New programs explored to reach at-risk youths beyond incarceration
Logan County leaders decided Tuesday to shut down its local juvenile detention facility at 104 S. Madriver St. by the end of the year and look at ways to expand local programs for the area’s troubled youth.
It is a decision that comes after 2 1/2 years exploring options to keep the almost 20-year-old Logan County Juvenile Detention Center open.
In the end, local leaders concluded it would be better use of taxpayer money to shut it down on Dec. 31 and use some of the savings to explore alternative educational options and expand mental health counseling for youths and parental coaching options.
Logan County Commissioners Paul Benedetti, Joe Antram and Mark Robinson voted unanimously in favor of the closure and moving ahead with a $501,315 annual agreement with the Central Ohio Youth Center in Marysville.
Logan County Family Court Judge Kim Kellogg-Martin said the court recognized closing the local detention center was inevitable.
“Judge Natasha Kennedy and myself saw the handwriting on the wall and we have been meeting with law enforcement, educators and staff at COYC in preparation for the move,” she said. “The COYC staff are great, by the way, and they will be able to incorporate our programming into theirs.
“We will still have a detention facility; it just won’t be in our backyard.”
Getting out of the detention business does open the door for alternative educational use of the current facility and introduction of additional programs to help families, the judge noted.
Helping at-risk children and their families is the ultimate goal, the commissioners said.
“As a retired educator, spending my whole career and life in Logan County,” Antram said, “it was crucial that in this process we had exhausted all other possibilities for serving troubled students here.
“I am confident we did that and that this alternative will meet the needs of our troubled students in the future.”
Commissioner Paul Benedetti agreed that the focus, from the onset, has been the best solution for the county’s children.
“The JDC has been an asset for us in the past,” he said, “and the staff have consistently met the Ohio Department of Youth Service standards for operating a juvenile facility.
“However, guidance for the juvenile courts in Ohio no longer considers detention as the best option for most juvenile offenders. This forces us as a community to confront the costs of maintaining our JDC.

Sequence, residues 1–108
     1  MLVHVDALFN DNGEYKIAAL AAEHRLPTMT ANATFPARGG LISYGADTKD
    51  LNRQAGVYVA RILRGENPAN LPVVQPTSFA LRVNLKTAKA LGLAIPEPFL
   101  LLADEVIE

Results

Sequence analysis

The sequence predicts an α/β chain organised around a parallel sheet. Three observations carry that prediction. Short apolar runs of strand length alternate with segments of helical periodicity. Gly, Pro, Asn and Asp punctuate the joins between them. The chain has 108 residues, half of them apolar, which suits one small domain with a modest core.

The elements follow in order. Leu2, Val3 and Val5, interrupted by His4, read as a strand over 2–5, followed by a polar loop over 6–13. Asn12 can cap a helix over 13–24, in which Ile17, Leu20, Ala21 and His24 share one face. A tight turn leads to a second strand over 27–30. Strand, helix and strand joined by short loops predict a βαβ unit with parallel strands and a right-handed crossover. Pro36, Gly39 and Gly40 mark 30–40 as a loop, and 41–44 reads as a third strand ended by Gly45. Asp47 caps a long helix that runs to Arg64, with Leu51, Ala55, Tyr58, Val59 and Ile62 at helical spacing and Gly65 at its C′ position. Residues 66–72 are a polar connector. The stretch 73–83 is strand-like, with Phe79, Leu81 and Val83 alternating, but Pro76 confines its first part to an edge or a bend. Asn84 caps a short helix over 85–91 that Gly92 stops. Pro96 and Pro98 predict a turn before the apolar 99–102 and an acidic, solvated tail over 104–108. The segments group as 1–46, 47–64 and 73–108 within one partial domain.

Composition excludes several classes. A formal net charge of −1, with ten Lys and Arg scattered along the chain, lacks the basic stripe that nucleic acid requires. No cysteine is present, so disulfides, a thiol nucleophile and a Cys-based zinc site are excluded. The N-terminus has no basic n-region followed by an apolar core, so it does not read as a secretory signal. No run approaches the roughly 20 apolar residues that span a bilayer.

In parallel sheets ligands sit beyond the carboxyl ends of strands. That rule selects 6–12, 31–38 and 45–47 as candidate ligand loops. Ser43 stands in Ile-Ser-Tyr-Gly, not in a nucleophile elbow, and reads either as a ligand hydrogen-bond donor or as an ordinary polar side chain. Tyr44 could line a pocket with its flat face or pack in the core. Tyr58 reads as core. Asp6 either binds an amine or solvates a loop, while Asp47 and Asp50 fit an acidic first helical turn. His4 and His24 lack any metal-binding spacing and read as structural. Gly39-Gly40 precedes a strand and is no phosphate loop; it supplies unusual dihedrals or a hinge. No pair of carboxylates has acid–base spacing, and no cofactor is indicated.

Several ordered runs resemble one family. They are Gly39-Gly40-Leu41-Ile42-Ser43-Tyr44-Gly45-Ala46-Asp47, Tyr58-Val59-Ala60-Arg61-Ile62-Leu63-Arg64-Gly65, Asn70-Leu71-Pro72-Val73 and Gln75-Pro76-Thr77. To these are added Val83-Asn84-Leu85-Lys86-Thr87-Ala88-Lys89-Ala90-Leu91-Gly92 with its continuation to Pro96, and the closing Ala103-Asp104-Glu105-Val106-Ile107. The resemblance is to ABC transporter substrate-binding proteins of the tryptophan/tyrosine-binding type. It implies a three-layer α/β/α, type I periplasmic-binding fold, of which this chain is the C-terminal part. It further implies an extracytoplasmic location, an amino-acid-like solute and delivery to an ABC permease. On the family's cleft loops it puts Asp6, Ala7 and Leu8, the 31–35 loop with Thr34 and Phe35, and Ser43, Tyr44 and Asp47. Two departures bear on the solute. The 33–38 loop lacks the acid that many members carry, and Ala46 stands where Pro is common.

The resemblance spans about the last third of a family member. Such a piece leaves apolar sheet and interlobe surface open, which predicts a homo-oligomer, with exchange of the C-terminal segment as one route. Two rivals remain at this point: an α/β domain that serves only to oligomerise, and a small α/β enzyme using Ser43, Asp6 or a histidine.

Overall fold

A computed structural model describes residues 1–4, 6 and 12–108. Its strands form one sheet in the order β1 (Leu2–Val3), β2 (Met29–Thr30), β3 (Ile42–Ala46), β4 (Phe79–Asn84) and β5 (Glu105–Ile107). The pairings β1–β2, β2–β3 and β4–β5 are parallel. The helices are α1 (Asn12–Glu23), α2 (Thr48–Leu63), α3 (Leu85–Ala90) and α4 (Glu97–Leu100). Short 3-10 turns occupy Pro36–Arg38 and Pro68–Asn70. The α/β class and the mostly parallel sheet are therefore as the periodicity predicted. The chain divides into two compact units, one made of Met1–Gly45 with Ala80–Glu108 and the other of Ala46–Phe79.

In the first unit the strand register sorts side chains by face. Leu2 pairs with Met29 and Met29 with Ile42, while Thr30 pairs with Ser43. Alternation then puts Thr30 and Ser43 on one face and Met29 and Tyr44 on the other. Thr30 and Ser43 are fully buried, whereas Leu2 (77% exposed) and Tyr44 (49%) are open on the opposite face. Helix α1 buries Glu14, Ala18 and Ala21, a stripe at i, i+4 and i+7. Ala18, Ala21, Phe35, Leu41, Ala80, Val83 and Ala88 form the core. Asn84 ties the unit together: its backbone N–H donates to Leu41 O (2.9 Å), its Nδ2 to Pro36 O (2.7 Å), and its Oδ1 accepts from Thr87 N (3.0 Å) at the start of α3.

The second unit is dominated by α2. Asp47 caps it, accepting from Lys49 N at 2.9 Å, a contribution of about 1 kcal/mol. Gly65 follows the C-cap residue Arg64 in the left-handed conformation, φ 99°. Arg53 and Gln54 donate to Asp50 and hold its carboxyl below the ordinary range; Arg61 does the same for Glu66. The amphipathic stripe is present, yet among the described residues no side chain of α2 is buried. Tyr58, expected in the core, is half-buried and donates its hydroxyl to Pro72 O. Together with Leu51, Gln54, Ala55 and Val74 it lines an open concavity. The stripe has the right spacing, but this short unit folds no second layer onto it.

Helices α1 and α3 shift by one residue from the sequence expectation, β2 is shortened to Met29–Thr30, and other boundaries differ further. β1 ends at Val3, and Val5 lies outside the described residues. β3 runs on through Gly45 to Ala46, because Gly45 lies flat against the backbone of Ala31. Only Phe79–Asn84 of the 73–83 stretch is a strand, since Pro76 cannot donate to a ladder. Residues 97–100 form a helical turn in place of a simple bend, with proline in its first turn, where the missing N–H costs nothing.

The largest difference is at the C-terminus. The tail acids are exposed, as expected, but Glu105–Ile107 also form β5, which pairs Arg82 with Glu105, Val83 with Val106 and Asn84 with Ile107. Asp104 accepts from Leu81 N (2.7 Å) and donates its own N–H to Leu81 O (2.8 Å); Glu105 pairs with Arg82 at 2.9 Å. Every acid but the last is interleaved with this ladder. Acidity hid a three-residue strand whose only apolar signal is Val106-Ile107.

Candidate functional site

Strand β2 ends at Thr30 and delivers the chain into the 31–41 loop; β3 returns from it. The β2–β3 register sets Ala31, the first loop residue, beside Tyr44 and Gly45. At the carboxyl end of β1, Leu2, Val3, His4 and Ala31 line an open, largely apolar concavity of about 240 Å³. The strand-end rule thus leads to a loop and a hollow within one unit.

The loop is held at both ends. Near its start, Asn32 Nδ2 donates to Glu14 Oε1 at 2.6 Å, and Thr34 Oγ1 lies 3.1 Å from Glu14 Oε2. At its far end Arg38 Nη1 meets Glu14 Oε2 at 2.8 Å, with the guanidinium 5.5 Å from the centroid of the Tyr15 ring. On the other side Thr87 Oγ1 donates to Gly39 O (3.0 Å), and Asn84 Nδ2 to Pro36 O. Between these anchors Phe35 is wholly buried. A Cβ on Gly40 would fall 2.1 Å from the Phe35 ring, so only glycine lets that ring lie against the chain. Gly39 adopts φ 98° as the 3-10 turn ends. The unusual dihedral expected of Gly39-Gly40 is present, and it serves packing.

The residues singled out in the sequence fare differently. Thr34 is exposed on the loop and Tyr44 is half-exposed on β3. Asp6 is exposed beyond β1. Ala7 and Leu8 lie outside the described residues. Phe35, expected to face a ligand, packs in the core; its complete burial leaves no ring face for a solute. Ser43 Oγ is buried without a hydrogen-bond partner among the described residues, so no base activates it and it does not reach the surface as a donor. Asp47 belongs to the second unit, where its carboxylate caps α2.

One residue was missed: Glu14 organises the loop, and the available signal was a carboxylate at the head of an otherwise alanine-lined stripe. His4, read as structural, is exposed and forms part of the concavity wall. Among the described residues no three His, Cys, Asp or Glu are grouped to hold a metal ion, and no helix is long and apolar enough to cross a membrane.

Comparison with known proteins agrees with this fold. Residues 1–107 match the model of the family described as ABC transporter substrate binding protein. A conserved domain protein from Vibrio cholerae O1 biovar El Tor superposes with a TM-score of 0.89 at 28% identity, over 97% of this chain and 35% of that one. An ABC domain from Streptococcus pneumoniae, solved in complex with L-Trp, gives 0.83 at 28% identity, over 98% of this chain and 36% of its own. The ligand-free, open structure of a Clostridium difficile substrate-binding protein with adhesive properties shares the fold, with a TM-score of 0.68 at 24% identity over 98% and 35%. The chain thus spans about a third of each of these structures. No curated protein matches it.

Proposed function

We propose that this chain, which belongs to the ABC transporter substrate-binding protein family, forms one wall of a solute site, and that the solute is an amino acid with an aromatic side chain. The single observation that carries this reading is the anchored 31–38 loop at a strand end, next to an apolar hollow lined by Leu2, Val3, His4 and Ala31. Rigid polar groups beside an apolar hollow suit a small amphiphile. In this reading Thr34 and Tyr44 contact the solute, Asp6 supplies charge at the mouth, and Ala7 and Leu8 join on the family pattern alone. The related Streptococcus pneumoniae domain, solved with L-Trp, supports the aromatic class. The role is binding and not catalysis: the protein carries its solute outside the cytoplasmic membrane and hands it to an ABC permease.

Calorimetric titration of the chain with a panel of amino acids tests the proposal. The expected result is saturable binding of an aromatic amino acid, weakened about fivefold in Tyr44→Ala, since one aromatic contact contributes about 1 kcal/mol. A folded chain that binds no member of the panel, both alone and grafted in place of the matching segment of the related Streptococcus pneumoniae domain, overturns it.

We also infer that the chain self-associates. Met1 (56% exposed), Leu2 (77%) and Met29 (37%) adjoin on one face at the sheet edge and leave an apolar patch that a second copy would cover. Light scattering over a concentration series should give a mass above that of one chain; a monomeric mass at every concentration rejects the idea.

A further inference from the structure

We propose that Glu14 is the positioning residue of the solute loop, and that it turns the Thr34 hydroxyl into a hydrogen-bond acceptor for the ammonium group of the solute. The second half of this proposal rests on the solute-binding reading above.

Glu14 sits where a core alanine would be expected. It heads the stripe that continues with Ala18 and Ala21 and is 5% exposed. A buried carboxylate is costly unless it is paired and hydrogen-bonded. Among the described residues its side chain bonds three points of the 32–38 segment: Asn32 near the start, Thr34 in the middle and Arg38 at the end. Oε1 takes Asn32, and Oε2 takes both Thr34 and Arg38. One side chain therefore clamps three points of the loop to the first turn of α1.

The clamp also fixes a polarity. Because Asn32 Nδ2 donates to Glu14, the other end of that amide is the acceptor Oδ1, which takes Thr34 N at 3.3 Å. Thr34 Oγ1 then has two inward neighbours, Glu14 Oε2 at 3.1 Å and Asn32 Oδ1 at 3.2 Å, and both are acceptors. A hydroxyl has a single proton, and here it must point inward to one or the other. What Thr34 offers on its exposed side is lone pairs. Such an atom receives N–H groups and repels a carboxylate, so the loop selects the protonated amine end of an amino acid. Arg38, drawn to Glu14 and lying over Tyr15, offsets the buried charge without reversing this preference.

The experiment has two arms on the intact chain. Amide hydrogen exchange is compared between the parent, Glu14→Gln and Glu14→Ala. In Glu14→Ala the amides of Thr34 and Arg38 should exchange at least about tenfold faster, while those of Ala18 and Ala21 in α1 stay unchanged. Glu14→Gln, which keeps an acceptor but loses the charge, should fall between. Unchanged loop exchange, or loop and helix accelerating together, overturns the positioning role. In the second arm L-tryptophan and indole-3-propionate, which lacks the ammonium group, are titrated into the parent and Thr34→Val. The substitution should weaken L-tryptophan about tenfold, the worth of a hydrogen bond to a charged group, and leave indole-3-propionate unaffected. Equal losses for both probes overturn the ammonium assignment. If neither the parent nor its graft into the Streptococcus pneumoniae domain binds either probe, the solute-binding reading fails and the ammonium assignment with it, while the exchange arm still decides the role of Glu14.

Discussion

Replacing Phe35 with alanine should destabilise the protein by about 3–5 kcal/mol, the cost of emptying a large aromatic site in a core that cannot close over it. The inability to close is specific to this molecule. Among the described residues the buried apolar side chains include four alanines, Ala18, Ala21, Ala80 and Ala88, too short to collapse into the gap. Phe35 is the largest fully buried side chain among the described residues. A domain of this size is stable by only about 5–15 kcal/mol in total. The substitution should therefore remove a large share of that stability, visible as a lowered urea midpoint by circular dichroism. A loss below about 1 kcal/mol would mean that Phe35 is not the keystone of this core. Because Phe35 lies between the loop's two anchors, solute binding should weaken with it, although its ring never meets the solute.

“Faced with proposed 2022 budgets of more than $1.1 million to operate our JDC, along with a five-year average daily population of eight detainees, it is apparent we cannot sustain our facility. Returning to the Central Ohio Youth Center makes good financial sense.”
Fiscally, it is the responsible thing to do, Robinson added.
“We will be getting the same services, if not better than what we are currently providing,” he said. “You’ll have the synergies and economy of scale of a five-county facility versus us by ourselves.”
The JDC has been staffed and managed by the Logan County Sheriff’s Office since it opened in 2002. It was rated for a maximum capacity of 36 juveniles and at times took in detainees from other counties.
To continue operating the JDC, Sheriff Randall Dodds presented a 2022 budget of $1.4 million, but he also noted he has had trouble staffing the JDC and the Logan County Jail, a facility he is required by law to operate.
The family court explored an idea of cutting back to one cell block and no more than 10 delinquents a day. Its proposed budget was more than $1.1 million.
“We can take a portion of the operational savings to fund diversionary programs to keep our youth out of the juvenile court system,” Benedetti said.
For Judge Kennedy, the decision is bittersweet.
“It was much more to the youth and community than just a detention center,” she said. “It was an integral part of the Logan County Family Court. Our local clergy, counselors, educators and correctional officers made lasting impressions on the juveniles who came into contact with it.”
As the judges looks to the future, they see reductions in detention costs opening the way to expand programs to help at-risk children and families.
Both hope the facility can be adapted into a center for education, therapy, work training and temporary sanctuary.
“The schools are struggling with students who are often time products of a dysfunctional environment,” she said. “They need a place where they can work more intensively with those students who have fallen behind and have just given up.”
Much of the dysfunction is a result of parents who are not prepared for parenthood, Judge Kellogg-Martin said. Rather than learn proper discipline techniques or how to deal with a child’s outburst, they call law enforcement and have their child hauled off to JDC, she said.
“This will actually hold parents more accountable,” Judge Kellogg-Martin said. “They will be responsible for going to Marysville to visit their child and to pick them up upon their release. They’re going to have to think about that before calling for law enforcement’s help.”
The family court has been working with the Logan County Children’s Services to provide home-based coaching for parents to help cope with raising and disciplining children, she said, and it has embraced a youth advocacy program to place children in better home environments when necessary.
The court and LCCS also might explore using part of the JDC for a cool down facility to help families deescalate household strife.
“In my job and in this process, it has been satisfying to collaborate with the other community members,” Judge Kellogg-Martin said. “To know we are able to come together, sit at the table and work at better ways to help our youth.”
Judge Kennedy agreed, stating, “We must join together as a community to help our youth before they ever enter a detention facility.”